“…10 August 1888: on this day, at 9 o’clock in the morning, the airship belonging to Dr Friedrich Hermann Wölfert begins a journey spanning more than four kilometres starting from Daimler’s factory courtyard and ending at the Aldingen parade ground near Kornwestheim.
Whilst the floatation panel of the airship, filled with hydrogen gas, mainly overcomes gravity, the 1.8 kW (2.5 hp), high-speed Daimler single-cylinder engine powers the two propellers (horizontal and vertical) and is therefore responsible for propulsion and trimming. On this morning, it becomes clear that the four-stroke engine has great potential as an aircraft engine.” from Mercedes Benz Group Media.
This re-creation was built from scratch by William Eggers, Master Craftsman.
In the 1850’s, three brothers John, Clem and Henry worked in their father’s wagon repair business in the east. They went out west to find their fortune in California’s gold rush. They failed at that but did see a demand in the mines for wheelbarrows.
In 1868, the Studebaker Co. was organized and by 1875 was the largest wagon manufacturer in the world.
In 1902, the company started making horseless electric carriages and in 1904 gasoline powered vehicles. The rest is history.
This is a recreation if the first electric Studebaker from 1902. Made of solid mahogany and brass.
The “AC” was the first model built by MAC International (previously the International Motor Company). It was considered a custom truck, as the body of the truck was made for the needs of any kind of trade.
Made in 3 1/2, 5 1/2, and 7 1/2 ton capacity
7 Forward speeds, 2 Reverse speeds
Any paint color, for an additional $50
Chain drive and dual wheels were standard
40 HP Cylinder 5″ Pistons
These trucks were a big part of World War I. It was also the first year for the “C” cab; without sides or windshield.
There is a 1864 Roper Steam Carriage in the Henry Ford Museum, but this black and white photo also from the museum shows the original 1863 Roper Steam Carriage.
Wild Bill Eggers has handcrafted a museum quality recreation of the 1863 Roper Steam Carriage.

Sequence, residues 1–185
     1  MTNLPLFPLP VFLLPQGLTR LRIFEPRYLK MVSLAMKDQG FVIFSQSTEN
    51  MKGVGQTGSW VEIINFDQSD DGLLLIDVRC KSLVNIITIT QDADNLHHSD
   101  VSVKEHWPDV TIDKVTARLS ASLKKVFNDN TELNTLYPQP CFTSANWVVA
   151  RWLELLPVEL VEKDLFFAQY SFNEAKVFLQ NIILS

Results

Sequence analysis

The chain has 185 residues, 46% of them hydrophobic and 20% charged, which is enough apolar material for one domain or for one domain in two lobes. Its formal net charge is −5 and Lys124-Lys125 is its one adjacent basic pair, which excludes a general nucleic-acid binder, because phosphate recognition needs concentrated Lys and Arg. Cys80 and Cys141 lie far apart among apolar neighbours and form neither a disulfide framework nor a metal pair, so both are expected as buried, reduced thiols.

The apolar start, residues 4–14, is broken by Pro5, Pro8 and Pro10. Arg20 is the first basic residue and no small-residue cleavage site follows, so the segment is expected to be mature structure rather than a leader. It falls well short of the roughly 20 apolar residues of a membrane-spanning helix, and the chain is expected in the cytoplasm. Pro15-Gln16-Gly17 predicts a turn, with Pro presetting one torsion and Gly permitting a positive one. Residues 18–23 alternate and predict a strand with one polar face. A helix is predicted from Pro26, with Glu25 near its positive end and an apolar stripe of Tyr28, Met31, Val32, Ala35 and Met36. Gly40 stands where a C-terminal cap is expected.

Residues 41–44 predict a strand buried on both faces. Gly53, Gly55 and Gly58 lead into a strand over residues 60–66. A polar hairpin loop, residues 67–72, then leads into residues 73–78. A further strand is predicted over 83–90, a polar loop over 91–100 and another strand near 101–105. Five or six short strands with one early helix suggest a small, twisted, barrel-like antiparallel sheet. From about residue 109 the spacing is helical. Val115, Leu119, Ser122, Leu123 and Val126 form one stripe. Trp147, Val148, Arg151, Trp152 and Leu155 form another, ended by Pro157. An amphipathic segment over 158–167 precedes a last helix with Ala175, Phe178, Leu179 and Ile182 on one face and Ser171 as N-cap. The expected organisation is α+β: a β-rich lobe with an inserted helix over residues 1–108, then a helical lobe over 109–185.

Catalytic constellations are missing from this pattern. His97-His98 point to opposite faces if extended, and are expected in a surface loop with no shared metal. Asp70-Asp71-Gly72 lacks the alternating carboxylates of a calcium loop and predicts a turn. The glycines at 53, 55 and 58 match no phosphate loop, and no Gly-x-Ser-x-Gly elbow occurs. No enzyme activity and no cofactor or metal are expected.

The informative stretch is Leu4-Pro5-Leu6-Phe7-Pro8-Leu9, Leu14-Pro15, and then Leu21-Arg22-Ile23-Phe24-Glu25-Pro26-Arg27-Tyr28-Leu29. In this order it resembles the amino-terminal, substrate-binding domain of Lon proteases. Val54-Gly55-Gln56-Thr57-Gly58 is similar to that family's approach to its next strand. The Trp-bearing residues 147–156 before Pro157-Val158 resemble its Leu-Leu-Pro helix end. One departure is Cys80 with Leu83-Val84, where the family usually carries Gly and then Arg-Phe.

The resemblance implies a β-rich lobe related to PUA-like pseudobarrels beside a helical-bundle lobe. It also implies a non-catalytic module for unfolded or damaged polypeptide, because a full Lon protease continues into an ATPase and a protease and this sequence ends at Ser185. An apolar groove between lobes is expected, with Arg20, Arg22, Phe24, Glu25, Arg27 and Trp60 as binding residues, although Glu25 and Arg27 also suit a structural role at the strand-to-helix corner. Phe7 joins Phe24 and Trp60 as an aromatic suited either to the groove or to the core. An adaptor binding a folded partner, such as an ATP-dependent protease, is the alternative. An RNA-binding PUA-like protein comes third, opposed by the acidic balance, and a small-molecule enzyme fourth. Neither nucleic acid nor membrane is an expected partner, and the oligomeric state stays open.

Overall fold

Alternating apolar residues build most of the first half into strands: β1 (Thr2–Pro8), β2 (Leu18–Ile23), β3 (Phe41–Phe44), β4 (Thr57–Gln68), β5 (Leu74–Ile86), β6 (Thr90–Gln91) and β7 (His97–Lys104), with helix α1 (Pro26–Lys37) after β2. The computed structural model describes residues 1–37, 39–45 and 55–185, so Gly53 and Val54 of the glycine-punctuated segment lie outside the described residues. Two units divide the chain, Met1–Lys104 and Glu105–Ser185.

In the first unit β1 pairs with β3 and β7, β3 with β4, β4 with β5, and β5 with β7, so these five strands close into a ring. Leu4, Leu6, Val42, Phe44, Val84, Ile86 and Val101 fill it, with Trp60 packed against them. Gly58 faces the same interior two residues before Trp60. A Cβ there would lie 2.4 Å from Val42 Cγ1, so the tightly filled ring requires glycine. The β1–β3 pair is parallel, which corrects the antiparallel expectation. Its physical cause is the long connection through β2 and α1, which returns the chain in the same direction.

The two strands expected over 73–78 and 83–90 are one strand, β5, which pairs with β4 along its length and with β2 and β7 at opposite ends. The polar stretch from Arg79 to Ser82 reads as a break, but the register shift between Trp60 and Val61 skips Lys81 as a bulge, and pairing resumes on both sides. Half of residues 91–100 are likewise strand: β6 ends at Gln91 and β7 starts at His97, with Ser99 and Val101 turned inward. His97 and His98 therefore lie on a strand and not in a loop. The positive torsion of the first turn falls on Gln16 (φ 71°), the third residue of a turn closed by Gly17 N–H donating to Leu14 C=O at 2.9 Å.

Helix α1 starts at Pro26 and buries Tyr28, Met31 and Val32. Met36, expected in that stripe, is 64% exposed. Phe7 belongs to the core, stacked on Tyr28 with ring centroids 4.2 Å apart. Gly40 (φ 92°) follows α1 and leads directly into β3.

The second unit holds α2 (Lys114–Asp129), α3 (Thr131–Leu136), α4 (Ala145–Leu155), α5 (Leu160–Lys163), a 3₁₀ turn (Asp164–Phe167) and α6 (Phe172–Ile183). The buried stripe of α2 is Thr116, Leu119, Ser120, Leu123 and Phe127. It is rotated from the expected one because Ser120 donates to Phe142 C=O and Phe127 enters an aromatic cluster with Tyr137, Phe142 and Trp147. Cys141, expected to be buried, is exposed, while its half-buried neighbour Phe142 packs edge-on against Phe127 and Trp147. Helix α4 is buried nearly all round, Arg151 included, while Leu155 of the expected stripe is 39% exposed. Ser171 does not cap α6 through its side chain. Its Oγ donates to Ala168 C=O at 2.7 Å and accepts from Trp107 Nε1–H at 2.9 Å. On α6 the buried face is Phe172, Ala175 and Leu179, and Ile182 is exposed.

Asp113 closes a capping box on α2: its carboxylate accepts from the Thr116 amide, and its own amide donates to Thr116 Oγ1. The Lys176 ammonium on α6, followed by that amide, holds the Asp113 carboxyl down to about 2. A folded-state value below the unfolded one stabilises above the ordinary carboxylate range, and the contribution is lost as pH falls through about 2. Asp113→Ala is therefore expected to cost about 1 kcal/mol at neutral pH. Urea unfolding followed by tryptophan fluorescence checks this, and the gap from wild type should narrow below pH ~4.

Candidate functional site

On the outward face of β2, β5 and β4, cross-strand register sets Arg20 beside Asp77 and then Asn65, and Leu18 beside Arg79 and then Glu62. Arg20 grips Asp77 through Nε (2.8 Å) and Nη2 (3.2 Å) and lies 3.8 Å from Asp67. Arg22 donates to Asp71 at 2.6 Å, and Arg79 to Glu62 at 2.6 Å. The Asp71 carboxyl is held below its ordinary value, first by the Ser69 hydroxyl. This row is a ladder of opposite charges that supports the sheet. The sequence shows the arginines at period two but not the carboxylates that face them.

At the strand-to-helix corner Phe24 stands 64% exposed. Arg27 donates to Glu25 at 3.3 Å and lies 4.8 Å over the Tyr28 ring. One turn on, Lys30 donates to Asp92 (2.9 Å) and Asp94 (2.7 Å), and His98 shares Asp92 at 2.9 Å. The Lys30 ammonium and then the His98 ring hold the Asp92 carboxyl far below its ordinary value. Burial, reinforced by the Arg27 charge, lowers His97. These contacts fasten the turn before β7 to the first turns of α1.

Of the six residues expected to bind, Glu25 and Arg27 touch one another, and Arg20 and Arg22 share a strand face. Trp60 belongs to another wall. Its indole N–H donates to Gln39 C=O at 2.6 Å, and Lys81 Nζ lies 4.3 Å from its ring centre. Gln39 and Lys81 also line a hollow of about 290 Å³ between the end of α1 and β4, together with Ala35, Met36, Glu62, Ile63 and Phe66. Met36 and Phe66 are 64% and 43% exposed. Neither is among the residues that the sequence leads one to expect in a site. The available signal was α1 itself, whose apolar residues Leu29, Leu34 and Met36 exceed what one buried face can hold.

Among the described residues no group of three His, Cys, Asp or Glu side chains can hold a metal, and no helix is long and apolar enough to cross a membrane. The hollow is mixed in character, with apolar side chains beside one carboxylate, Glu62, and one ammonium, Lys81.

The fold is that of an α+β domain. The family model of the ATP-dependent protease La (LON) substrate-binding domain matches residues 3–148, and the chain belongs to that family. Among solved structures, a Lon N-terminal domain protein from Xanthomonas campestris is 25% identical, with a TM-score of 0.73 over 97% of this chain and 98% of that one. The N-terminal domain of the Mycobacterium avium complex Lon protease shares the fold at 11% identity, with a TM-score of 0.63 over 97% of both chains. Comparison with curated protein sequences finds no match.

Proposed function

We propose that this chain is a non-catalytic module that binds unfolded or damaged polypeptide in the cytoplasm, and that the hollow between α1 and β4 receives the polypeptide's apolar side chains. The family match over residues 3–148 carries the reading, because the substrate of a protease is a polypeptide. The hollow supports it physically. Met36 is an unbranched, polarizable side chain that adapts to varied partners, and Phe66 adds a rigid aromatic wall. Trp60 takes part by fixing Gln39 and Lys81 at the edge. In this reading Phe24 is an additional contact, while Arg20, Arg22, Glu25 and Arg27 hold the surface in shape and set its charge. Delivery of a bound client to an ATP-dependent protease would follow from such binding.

Known as a Steam Car of the Civil War Days, this is the first of three carriages made by Sylvester H. Roper in 1863. Coal-fired, the steam pressure was around 15 – 20 pounds. The carriage has no brakes. It is slowed down by the cutting of steam to the pistons, just like in locomotives.
The first ever gasoline-propelled road wagon, this 1877 Selden first came to light during patent litigation, where adversaries claimed it would never run.
Patent Attorney George Selden applied for his engine patent in 1879, but never made the car, instead demanding royalties from all car makers. Henry Ford refused to pay and was sued in the 1890’s. Because of that, Selden made the one and only model of his car.
Starting with a stove-iron block with one cylinder, boring two more, George B Selden then mounted it on the finished axle of a specifically built spring wagon. Thus, the Selden was born.
Selden won the battle but lost the war. The court declared that the Selden patent was valid but that Ford was using a different design.
The original is now held at the Henry Ford Museum. A William Eggers hand-crafted replica has been completed!
Featured in the January/February 2019 issue of The Star, the Mercedes-Benz Club of America’s Magazine! Many thanks to The Star for graciously allowing us to re-post the article. Written by Gary Anderson with Bill Eggers and Jennifer Ortiz and photos by Sean Aryai and Bill Eggers. You can read more about the 1898 Daimler–from framing to final construction–by clicking here or turn to page 50 in your magazine!
Birth of the first conventional platform truck (pick up truck) with the engine located over the front axle.
Three speeds and reverse, water-cooled, 5 HP – 2 cylinder gas engine and rear shoe brake. Used mainly for delivering beer from Germany to London.